Pop culture refers to activities or commercial products that reflect, are suited to or aimed at the taste of the general masses of people.

Pop culture is open to change and is dependent on the tastes of people, which differs from one generation to another. Technology also plays a role in influencing pop culture. Can remember you remember the age when baggy trousers and afros were in style, or when the Sony Walkman used to be the in thing?

Pop culture takes its relevance from the society and generation of the day. At the heart of pop culture are celebrities like artistes and athletes who usually have influence over large amounts of people. These people are fans and supporters who look up to them for the skills and abilities that they have, and how they use them.

These celebrities are constantly in the spotlight and give the appearance of seeming success. Who doesn’t want to be rich and famous or associated with success?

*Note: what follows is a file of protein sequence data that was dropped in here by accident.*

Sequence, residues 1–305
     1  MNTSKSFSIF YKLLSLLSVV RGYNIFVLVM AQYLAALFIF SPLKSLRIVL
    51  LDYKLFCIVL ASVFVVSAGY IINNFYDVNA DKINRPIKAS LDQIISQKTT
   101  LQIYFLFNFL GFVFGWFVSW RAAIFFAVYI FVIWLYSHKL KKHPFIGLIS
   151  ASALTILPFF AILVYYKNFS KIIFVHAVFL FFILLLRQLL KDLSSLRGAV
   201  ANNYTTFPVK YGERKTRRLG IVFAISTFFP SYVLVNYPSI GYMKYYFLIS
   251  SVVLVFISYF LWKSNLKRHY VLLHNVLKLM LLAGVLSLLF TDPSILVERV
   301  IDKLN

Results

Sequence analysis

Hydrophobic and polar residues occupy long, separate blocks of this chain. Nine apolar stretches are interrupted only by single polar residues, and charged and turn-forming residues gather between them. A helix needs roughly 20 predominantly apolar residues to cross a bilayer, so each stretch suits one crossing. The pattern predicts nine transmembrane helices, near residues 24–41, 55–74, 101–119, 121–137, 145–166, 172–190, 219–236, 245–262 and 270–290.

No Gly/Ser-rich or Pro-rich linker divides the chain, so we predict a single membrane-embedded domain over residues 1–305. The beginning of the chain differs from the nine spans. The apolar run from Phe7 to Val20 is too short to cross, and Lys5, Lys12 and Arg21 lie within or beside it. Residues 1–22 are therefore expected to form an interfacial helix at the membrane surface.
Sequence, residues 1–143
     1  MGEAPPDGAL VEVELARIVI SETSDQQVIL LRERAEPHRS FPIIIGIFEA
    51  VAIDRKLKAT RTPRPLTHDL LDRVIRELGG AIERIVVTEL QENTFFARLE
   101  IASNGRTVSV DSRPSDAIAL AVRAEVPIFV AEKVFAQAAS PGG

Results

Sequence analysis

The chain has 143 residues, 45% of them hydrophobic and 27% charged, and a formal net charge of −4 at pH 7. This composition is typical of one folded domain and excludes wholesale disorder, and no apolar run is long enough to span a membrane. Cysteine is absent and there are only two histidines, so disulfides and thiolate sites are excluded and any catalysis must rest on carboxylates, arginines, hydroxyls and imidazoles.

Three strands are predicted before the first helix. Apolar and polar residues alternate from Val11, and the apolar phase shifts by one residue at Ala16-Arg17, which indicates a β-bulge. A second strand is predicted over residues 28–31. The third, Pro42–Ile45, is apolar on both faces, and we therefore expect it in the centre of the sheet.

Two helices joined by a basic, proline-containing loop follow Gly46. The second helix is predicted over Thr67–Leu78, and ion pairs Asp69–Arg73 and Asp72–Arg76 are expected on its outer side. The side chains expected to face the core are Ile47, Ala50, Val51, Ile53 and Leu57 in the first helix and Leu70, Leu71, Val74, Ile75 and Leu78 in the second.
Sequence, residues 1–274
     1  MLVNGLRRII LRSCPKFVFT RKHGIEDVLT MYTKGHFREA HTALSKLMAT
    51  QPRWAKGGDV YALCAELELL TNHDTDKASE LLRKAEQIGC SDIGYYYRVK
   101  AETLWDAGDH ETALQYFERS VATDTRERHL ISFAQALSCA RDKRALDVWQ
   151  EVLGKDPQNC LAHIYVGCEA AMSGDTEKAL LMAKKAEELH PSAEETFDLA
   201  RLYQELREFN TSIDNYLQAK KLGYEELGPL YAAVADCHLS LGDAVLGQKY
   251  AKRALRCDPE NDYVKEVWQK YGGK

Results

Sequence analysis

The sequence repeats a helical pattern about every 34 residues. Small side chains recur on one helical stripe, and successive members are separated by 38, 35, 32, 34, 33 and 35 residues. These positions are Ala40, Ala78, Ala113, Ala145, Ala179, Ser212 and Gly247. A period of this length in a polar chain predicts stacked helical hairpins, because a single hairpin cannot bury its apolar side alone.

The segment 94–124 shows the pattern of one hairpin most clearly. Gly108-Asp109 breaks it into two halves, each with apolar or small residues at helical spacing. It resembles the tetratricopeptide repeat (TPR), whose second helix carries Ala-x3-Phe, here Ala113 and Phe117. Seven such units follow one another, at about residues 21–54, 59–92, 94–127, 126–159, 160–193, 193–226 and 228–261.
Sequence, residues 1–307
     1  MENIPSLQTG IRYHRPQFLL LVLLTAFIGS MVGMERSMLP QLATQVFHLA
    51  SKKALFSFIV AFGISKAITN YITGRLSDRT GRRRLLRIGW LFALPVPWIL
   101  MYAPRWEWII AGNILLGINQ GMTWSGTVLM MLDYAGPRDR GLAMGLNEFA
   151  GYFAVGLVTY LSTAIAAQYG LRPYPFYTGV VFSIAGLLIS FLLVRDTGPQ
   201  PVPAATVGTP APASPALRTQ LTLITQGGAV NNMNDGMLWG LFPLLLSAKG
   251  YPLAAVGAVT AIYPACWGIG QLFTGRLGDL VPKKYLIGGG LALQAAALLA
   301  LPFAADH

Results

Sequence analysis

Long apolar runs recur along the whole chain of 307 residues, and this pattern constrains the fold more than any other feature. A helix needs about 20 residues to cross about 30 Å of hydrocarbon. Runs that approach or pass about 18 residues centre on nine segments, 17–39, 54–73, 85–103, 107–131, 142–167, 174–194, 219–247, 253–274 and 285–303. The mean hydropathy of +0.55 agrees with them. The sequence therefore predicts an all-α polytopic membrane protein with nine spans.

Now that I have gone and done all this talking about Pop culture, what does it have to do with Christianity? First of all, Christianity is not dependent on culture or people, but in an unchanging God. A God whose doctrines do not change because of societal pressures. As Jesus said in Mark 13:31 (ESV) “heaven and earth will pass away, but my words will not pass away.” This, for me, simplifies the unchanging nature of God’s word and love regardless of what is trending.

It also says in Romans 12:2 that “do not be conformed to this world but be transformed by the renewal of your mind, that by testing you may discern what is the will of God, what is good and acceptable and perfect.”

That what’s differentiates them; pop culture is dependent on people, their changing desires and tastes while Christianity is dependent on God and His love for us.

However, based on our identity in Christ, who has said that we are the salt of the earth, a light of the world, a city set on a hill, we have a responsibility to use our God given talents, as various as they are to make use of some elements of pop culture to draw people to God just as Paul used an altar dedicated to an unknown god to preach to the Athenians.

As the parable of the talents teaches us, God expects us to use those talents not for our selfish reasons but that we may use them to become the fishers of men God wants us to be.